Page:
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Renaming Columbus Day long overdue, by the Editorial Board of the Bozeman Daily Chronicle

March 17, 1016

Activists are pressing Bozeman city commissioners to change the name of Columbus Day to Indigenous Peoples Day in recognition of what happened to North America’s natives through the European settlement that followed Columbus’ arrival.

Given our own state’s experiences with the subjugation of Native Americans and their continued presence here as the state’s largest minority, it would be an appropriate gesture.

The holiday itself is of recent – and somewhat dubious – origins. It was designated in the 1930s by then President Franklin Roosevelt in response to lobbying by Italian-Americans and Catholics as a counter measure to the discrimination they suffered at the time.

Columbus’ own accomplishments are questionable. Assuming he had traversed most of the globe and reached India, he misnamed the people he found here. And though his arrival was the catalyst for widespread European settlement, it’s likely that Scandinavian Europeans reached North America perhaps as much as 500 years before Columbus.

More importantly, the systematic settlement Columbus’ arrival launched decimated native peoples through disease and violent conquest.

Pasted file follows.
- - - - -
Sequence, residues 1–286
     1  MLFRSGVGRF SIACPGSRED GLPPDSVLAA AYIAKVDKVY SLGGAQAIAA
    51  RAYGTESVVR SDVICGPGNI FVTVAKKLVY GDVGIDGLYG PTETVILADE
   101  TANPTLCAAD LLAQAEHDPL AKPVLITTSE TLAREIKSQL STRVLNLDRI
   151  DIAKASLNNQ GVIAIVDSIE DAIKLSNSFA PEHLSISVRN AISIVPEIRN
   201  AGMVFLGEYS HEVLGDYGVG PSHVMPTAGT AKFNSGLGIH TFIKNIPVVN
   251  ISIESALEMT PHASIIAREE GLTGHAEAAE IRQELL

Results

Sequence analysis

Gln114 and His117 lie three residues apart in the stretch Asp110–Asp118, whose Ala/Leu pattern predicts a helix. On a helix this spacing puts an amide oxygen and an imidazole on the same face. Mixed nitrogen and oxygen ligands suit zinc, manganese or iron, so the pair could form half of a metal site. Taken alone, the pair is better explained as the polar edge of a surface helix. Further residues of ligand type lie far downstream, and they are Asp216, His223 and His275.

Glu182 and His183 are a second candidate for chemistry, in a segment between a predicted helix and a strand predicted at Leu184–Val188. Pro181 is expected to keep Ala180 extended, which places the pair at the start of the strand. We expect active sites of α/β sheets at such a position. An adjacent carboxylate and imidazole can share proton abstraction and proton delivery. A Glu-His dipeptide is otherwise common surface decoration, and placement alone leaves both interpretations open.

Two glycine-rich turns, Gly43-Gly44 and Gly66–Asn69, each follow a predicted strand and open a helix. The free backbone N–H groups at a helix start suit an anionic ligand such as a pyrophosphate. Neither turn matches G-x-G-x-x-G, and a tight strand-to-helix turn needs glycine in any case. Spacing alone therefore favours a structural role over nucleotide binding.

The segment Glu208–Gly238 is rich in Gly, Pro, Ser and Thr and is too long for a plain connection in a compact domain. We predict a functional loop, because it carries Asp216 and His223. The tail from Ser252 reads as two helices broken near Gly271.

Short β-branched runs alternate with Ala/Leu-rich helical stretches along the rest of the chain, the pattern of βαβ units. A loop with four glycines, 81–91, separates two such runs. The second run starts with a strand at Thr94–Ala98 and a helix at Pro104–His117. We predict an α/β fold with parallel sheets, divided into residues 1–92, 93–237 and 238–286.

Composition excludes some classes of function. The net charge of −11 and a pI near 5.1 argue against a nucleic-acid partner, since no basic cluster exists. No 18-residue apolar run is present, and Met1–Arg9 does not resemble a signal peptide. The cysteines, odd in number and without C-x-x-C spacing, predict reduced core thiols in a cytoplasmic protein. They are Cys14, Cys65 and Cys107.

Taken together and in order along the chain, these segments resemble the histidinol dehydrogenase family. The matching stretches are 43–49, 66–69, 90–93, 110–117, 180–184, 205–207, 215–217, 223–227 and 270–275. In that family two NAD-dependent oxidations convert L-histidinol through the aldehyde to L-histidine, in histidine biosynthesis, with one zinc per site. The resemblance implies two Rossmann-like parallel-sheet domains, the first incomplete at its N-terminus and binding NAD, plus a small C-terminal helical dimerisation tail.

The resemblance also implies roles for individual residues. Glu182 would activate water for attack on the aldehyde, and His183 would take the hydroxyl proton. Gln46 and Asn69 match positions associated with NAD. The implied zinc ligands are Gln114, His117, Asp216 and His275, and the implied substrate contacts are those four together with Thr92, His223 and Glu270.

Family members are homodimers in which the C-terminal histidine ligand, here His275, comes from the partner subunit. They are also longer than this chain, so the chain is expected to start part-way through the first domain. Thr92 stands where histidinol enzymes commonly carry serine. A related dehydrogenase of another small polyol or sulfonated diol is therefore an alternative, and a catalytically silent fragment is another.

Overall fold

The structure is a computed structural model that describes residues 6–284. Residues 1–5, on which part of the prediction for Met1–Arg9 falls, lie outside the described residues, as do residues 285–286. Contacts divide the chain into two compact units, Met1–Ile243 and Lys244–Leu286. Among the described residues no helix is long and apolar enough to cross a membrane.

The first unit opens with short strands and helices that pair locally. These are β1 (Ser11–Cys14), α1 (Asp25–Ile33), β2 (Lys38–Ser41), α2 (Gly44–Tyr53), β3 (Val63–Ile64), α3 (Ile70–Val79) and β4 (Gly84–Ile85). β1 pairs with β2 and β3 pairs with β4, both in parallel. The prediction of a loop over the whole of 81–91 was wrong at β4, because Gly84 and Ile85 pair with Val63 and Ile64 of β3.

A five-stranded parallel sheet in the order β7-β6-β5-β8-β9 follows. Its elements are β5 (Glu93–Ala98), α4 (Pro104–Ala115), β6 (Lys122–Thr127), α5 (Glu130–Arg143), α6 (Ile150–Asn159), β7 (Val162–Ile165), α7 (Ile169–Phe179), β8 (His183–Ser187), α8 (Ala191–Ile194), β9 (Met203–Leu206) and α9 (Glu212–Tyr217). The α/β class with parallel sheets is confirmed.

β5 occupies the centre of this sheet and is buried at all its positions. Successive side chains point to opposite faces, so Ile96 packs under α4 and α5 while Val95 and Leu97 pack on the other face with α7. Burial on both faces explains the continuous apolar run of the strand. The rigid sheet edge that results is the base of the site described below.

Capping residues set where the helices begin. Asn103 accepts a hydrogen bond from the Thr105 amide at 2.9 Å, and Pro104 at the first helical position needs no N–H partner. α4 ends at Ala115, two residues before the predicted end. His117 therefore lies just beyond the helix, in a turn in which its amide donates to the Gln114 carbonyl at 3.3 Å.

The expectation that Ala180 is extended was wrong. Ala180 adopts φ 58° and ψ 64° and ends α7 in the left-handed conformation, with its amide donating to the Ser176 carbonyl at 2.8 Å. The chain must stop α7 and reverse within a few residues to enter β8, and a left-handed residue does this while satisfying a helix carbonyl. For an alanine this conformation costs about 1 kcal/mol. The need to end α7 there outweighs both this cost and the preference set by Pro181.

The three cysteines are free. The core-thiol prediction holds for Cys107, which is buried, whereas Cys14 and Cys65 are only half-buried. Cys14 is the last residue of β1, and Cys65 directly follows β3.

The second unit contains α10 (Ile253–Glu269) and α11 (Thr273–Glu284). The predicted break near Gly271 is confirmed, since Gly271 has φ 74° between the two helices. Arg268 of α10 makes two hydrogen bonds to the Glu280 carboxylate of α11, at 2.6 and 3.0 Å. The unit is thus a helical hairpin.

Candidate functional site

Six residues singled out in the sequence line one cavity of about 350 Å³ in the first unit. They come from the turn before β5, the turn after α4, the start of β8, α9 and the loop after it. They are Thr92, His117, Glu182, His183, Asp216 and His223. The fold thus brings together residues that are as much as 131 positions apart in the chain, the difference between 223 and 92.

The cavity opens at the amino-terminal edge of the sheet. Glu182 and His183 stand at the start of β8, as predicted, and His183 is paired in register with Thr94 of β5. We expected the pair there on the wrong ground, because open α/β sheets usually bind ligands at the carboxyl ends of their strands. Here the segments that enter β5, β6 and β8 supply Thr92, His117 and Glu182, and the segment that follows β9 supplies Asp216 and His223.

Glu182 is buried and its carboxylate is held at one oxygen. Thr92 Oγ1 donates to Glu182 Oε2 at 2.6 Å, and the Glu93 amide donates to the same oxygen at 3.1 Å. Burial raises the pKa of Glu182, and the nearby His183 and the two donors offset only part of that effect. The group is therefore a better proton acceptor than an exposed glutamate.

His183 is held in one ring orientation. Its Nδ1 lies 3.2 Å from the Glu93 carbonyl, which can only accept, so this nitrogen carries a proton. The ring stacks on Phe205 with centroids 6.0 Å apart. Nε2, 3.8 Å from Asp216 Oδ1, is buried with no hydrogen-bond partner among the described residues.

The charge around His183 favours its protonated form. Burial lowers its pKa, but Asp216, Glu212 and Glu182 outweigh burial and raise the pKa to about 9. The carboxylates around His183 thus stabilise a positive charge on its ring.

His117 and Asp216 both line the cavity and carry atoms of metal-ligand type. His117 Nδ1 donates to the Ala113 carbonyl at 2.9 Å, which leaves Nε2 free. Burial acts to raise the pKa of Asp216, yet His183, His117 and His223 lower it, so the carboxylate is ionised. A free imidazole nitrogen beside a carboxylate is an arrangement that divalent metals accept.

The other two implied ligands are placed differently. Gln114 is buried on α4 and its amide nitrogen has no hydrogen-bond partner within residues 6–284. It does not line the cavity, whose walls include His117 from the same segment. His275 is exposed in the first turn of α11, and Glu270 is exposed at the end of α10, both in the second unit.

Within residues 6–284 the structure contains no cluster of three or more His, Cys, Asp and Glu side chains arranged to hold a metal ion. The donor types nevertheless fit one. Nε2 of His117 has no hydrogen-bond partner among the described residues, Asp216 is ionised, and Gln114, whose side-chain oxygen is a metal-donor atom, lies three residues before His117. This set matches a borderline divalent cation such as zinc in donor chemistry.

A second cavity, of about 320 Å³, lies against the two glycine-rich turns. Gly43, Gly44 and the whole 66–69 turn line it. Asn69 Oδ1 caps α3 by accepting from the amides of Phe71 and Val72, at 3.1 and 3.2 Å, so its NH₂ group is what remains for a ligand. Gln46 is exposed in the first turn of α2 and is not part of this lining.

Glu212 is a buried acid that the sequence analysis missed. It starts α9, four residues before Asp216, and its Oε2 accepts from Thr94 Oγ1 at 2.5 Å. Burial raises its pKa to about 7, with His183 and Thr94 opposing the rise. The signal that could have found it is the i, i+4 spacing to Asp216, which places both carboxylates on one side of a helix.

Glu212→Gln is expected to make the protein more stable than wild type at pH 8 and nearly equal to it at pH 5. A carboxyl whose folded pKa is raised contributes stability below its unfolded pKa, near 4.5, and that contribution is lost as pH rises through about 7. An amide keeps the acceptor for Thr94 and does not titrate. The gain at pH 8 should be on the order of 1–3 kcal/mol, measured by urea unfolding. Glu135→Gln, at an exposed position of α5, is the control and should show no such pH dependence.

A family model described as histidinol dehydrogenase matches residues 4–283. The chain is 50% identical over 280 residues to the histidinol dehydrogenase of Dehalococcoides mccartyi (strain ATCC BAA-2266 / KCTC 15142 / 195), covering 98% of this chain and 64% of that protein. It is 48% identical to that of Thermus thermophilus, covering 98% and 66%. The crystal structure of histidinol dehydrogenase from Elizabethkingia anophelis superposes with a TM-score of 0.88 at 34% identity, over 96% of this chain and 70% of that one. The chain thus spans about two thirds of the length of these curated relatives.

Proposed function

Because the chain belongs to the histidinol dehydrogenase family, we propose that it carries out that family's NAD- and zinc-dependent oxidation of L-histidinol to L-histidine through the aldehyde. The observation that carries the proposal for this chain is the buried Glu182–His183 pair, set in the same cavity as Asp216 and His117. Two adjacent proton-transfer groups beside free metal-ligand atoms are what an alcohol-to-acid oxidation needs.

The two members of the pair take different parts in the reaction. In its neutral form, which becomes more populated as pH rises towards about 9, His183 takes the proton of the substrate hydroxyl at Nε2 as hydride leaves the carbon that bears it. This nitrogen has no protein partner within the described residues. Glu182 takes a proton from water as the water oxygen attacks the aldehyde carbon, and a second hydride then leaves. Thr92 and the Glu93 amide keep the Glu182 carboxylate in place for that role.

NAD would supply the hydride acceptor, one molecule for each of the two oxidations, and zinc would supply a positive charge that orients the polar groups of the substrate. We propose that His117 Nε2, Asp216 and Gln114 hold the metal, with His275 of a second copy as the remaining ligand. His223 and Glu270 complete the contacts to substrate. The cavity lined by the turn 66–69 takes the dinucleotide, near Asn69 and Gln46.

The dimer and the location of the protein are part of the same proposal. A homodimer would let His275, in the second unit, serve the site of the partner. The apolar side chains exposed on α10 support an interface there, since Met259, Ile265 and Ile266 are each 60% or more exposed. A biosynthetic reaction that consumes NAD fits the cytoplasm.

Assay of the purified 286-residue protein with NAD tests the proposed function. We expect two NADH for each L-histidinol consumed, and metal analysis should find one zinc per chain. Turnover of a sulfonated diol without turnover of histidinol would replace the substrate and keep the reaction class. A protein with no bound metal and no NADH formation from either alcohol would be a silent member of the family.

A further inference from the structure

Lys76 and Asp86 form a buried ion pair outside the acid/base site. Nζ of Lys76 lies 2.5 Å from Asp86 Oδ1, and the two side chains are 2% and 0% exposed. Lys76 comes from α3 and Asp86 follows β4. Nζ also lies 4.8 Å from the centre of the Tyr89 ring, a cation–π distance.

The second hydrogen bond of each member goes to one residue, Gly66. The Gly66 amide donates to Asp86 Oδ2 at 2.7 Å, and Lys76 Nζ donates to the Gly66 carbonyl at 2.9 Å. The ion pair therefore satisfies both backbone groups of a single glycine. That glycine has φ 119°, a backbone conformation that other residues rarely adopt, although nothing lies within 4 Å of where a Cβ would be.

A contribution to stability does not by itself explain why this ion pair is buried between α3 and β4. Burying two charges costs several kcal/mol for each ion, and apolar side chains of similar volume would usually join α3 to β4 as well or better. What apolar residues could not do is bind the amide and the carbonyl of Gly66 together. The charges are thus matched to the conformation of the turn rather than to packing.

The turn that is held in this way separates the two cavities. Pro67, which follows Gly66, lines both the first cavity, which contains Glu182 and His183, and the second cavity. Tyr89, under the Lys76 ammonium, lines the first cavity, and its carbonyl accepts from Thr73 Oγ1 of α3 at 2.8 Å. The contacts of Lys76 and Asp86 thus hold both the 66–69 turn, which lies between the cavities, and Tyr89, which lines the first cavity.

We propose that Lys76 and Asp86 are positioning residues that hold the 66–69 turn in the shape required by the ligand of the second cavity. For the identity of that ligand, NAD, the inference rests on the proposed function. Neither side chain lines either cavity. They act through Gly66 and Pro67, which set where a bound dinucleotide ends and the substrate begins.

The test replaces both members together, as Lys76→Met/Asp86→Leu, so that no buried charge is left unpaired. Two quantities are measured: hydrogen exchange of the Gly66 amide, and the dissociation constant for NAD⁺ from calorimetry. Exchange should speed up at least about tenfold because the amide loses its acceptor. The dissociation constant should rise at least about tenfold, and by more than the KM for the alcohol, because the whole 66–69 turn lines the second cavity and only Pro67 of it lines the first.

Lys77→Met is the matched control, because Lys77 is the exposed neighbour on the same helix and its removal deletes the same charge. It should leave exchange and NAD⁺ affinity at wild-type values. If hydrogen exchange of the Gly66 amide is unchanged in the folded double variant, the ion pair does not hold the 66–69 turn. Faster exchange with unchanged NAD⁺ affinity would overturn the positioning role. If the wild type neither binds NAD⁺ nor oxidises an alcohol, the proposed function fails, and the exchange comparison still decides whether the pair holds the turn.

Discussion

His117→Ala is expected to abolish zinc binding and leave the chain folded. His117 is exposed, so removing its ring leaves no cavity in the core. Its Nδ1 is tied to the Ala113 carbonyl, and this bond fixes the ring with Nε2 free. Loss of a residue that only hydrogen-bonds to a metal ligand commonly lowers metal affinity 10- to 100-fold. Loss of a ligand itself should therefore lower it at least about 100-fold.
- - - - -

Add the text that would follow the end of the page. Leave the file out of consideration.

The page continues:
Native Americans who are asking the city to change the day’s designation speak of being asked as elementary school children to glorify Columbus’ arrival as though the devastation it unleashed on their ancestors never happened. From the hindsight of the 21st century, we know it did happen, and we should at least acknowledge it.

Also from the vantage of hindsight, the European settlement of the Americas was inevitable. But the manner in which conflict with Native Americans was resolved was not, though there is no way to fully rectify those wrongs now.

Bozeman would not be the first community to rename the holiday. Seattle, Portland, Oregon, and Missoula have already done so, as has the state of South Dakota.

Opponents to the move will call it revisionist history and political correctness run amok. But renaming the day will not be revising history, merely shifting its emphasis to recognize an important historical outcome that resulted from the event.

In reality, giving Columbus Day the new name of Indigenous Peoples Day is a small gesture. But it would be meaningful in that it will acknowledge the survival and resiliency of Native Americans, despite many acts by the U.S. government that can rightly be regarded as genocide and systematic efforts at cultural extinction.